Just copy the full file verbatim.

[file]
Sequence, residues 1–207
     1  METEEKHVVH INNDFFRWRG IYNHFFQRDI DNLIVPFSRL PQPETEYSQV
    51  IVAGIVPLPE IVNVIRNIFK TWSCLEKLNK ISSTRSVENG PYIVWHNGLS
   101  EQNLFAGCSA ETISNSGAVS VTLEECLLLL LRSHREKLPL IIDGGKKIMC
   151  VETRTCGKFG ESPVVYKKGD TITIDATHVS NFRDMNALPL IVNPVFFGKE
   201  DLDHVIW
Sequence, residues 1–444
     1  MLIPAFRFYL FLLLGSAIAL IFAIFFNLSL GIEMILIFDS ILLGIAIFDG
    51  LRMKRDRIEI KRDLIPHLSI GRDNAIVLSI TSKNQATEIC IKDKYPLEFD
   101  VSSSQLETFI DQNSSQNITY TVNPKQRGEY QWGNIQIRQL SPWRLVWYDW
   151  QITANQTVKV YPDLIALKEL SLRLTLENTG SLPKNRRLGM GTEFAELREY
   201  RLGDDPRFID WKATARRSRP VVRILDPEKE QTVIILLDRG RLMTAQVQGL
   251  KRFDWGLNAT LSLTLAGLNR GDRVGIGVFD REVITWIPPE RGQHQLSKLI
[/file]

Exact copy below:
Sequence, residues 1–207
     1  METEEKHVVH INNDFFRWRG IYNHFFQRDI DNLIVPFSRL PQPETEYSQV
    51  IVAGIVPLPE IVNVIRNIFK TWSCLEKLNK ISSTRSVENG PYIVWHNGLS
   101  EQNLFAGCSA ETISNSGAVS VTLEECLLLL LRSHREKLPL IIDGGKKIMC
   151  VETRTCGKFG ESPVVYKKGD TITIDATHVS NFRDMNALPL IVNPVFFGKE
   201  DLDHVIW
Sequence, residues 1–444
     1  MLIPAFRFYL FLLLGSAIAL IFAIFFNLSL GIEMILIFDS ILLGIAIFDG
    51  LRMKRDRIEI KRDLIPHLSI GRDNAIVLSI TSKNQATEIC IKDKYPLEFD
   101  VSSSQLETFI DQNSSQNITY TVNPKQRGEY QWGNIQIRQL SPWRLVWYDW
   151  QITANQTVKV YPDLIALKEL SLRLTLENTG SLPKNRRLGM GTEFAELREY
   201  RLGDDPRFID WKATARRSRP VVRILDPEKE QTVIILLDRG RLMTAQVQGL
   251  KRFDWGLNAT LSLTLAGLNR GDRVGIGVFD REVITWIPPE RGQHQLSKLI